Note that the above image was taken from this post where the OP is requesting similar information to me but on a chart control, the answer of which I cannot use due to not using a chart object.

For clarification on what I mean by 256 points/frequency bins, please see below:

Frequency Bin 0: 0
Frequency Bin 1: 86
Frequency Bin 2: 172
Frequency Bin 3: 258
Frequency Bin 4: 344
Frequency Bin 5: 430
Frequency Bin 6: 516
Frequency Bin 7: 602
Frequency Bin 8: 689
Frequency Bin 9: 775
Frequency Bin 10: 861
Frequency Bin 11: 947
Frequency Bin 12: 1033
Frequency Bin 13: 1119
Frequency Bin 242: 20844
Frequency Bin 243: 20930
Frequency Bin 244: 21016
Frequency Bin 245: 21102
Frequency Bin 246: 21188
Frequency Bin 247: 21274
Frequency Bin 248: 21360
Frequency Bin 249: 21447
Frequency Bin 250: 21533
Frequency Bin 251: 21619
Frequency Bin 252: 21705
Frequency Bin 253: 21791
Frequency Bin 254: 21877
Frequency Bin 255: 21963
  • For mass drawing don't use SetPixel it is very slow compared to LockBits then drawing against the returned BitmapData. – Scott Chamberlain Sep 11 '16 at 14:55
  • The name of the font is "Arial", not "Ariel". – Andrew Morton Sep 11 '16 at 15:03
  • @ScottChamberlain, I will look into LockBits, thank you. @Andrew, lol #fontfail I'll update that typo! – Majickal Sep 11 '16 at 15:12
  • @Majickal It would be somewhat easier to help if you used variables with meaningful names instead of numbers like 124, 900, 634, 900 etc. E.g. Dim originOffset As New Point(124, 634). – Andrew Morton Sep 11 '16 at 15:44
  • @AndrewMorton if you are referring to the drawline method (msdn.microsoft.com/en-us/library/…), the numbers simply represent the start x,y coordinates and the destination x,y coordinates between which a line defined by the pen.color is drawn. This code was provided purely as a demo of what I have already achieved, the current method I have used to achieve this and a starting off point on where I would like to follow on from. – Majickal Sep 11 '16 at 21:20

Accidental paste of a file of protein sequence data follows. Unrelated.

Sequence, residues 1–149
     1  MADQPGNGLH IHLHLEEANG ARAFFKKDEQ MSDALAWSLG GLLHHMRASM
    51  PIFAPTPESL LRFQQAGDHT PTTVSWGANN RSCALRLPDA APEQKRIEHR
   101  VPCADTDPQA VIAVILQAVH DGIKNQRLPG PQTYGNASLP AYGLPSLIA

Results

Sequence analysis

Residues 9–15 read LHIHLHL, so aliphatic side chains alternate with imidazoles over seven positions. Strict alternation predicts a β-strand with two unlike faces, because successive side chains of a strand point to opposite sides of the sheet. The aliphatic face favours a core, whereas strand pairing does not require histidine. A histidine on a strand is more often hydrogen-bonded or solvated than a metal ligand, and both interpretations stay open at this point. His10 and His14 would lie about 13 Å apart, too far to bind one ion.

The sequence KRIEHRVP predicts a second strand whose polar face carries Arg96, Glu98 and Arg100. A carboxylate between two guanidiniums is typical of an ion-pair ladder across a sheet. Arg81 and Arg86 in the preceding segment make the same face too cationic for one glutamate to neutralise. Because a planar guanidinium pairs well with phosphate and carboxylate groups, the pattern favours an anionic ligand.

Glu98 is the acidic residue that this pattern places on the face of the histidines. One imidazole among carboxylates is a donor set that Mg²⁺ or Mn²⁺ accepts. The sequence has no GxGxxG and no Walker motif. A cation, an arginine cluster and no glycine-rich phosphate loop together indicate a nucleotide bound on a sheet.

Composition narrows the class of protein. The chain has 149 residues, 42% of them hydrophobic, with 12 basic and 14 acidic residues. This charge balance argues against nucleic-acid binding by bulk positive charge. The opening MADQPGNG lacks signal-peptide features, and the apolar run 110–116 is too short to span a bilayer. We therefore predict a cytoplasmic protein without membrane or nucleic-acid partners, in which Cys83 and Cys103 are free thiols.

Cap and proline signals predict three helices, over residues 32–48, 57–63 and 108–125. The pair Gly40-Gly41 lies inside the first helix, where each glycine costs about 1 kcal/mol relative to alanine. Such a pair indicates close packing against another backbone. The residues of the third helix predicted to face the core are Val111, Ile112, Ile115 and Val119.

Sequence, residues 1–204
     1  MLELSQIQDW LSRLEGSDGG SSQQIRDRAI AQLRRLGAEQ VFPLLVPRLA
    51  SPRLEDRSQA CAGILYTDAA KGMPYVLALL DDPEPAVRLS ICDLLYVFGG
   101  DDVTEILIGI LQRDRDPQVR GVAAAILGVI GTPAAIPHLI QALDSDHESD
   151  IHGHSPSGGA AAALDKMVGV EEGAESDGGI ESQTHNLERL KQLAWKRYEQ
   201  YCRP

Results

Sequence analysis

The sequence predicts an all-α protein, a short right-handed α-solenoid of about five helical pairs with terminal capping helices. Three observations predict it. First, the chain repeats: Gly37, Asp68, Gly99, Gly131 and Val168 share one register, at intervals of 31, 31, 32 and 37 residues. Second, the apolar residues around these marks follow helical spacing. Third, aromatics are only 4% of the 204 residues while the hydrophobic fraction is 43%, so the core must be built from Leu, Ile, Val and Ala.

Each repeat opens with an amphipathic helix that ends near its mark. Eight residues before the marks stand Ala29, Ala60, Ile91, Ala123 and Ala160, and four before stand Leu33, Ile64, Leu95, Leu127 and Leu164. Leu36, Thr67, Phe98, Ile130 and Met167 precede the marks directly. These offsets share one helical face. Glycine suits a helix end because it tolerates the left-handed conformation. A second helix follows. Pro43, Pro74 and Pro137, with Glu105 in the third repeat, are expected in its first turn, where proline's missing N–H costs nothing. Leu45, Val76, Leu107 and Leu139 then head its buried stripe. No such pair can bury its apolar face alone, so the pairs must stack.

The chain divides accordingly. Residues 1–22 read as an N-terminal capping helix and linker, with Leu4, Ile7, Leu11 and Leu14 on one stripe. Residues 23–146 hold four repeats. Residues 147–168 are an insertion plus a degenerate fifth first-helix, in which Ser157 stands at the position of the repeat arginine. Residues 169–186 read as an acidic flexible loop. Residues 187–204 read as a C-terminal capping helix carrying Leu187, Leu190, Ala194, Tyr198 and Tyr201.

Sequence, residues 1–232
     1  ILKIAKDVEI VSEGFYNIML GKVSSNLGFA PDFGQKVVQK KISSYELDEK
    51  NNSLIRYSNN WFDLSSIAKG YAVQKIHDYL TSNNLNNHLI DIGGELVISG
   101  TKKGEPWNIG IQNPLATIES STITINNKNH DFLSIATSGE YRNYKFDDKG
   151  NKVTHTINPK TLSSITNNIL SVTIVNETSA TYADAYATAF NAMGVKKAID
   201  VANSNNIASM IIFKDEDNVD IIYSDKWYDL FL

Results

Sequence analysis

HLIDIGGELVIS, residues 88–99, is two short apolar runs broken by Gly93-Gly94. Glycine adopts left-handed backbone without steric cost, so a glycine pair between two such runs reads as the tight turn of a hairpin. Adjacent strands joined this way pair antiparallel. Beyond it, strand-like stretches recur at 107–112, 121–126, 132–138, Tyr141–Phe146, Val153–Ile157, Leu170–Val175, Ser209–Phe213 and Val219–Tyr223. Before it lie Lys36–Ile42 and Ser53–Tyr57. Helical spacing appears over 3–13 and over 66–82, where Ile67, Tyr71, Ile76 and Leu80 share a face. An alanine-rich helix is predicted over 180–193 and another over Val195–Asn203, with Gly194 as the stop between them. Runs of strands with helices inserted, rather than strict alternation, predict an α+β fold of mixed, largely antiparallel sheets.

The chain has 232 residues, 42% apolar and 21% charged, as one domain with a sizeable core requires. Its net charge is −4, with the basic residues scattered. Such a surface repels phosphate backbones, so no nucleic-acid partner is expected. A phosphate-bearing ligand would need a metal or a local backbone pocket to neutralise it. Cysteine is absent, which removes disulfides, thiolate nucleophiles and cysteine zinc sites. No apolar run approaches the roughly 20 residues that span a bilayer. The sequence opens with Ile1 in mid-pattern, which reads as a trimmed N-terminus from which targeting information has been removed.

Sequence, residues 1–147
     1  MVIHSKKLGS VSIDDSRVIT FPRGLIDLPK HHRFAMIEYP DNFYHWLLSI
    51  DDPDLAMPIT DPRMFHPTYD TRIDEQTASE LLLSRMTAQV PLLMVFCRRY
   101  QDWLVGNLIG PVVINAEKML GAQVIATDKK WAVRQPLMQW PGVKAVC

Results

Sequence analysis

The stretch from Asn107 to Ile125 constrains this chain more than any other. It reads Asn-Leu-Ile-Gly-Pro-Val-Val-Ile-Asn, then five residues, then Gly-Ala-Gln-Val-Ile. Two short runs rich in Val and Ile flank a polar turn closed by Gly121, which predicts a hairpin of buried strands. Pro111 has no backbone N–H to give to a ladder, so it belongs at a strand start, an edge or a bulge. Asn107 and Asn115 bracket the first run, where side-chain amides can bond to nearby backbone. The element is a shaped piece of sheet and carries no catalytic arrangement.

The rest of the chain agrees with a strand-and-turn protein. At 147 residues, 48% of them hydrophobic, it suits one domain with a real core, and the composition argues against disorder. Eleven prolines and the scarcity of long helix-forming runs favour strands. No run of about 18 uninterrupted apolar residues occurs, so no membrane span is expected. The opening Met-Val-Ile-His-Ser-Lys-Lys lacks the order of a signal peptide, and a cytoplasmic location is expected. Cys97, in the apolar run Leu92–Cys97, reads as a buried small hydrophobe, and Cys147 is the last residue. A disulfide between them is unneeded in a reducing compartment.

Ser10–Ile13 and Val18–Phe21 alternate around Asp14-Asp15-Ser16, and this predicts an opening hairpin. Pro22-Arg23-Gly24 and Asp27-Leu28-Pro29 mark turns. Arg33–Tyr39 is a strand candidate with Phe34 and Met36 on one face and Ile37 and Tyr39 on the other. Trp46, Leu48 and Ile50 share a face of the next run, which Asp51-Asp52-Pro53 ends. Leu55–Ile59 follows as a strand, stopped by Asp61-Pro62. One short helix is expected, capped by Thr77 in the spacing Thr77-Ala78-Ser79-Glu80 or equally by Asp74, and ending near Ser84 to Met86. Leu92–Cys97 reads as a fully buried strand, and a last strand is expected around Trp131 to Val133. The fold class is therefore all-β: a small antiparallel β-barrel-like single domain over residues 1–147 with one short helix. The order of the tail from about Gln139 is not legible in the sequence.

To create a logarithmic scale between two values, let V0 and V1, take to base-10 logarithms log(V1) and log(V2) and rescale to map to the desired coordinates on your plot, let X0 to X1.

X = X0 + (X1 - X0)(log(V) - log(V0))/(log(V1) - log(V0))

To draw ticks at simple values, first determine the full decades that are spanned, from 10^floor(log(V0)) to 10^floor(log(V1)), then get the most significant digits by

ceil(10^(log(V0) - floor(log(V0)))
floor(10^(log(V1) - floor(log(V1)))

to get the starting/ending digit in these decades.

For example, from 19 to 3410, the decades go from 10/100 to 1000/10000, digit 2 to digit 3 inclusive.

  • Hi Yves, I'm struggling to understand what you mean here, would it be possible for you to break it down and explain it further for me please. I think it is the first paragraph I am not really getting. What are V, Vn & X, Xn representative of? – Majickal Sep 13 '16 at 6:23
  • 1
    @Majickal V for value, X for abscissa. All you need to know is there. – Yves Daoust Sep 13 '16 at 6:28
  • Yues, That makes more sense immediately after looking up what abscissa actually means, and for those of you that also didn't know, like me, who may be reading this later: (in a system of coordinates) the distance from a point to the vertical or y -axis, measured parallel to the horizontal or x -axis; the x -coordinate. -Google Search Result – Majickal Sep 13 '16 at 21:24